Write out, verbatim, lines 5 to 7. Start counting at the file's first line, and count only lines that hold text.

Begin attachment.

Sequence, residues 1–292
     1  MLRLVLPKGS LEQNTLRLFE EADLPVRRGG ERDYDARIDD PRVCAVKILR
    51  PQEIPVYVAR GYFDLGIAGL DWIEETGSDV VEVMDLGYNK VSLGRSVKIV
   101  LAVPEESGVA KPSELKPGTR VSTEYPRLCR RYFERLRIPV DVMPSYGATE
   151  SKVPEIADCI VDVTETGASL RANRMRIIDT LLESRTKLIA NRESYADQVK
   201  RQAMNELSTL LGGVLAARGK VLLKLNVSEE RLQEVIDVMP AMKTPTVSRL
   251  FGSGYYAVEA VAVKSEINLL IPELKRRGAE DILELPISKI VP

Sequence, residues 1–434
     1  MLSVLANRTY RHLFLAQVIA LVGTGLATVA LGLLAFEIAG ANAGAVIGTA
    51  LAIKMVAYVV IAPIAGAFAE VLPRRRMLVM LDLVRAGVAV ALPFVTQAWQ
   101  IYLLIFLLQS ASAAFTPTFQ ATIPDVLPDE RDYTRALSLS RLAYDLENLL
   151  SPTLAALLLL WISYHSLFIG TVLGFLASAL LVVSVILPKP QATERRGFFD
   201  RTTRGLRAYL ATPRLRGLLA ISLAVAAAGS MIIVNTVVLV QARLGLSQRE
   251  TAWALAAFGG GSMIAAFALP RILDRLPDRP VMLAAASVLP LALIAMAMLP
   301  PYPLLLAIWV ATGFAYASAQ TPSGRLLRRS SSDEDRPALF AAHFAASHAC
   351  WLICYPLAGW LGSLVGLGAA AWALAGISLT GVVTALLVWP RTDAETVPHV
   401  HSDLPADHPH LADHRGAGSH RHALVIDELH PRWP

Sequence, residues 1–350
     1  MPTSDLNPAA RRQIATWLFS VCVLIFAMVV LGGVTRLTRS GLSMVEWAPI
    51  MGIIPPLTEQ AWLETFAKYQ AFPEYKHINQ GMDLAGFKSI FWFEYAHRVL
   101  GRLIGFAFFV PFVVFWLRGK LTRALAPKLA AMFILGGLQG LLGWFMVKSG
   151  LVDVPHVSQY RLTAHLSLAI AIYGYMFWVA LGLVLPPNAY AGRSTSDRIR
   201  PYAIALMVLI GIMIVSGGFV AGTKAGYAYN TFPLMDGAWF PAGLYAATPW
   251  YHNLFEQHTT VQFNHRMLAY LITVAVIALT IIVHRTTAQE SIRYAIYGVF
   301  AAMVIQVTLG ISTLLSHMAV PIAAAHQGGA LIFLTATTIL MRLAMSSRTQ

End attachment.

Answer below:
   151  SKVPEIADCI VDVTETGASL RANRMRIIDT LLESRTKLIA NRESYADQVK
   201  RQAMNELSTL LGGVLAARGK VLLKLNVSEE RLQEVIDVMP AMKTPTVSRL
   251  FGSGYYAVEA VAVKSEINLL IPELKRRGAE DILELPISKI VP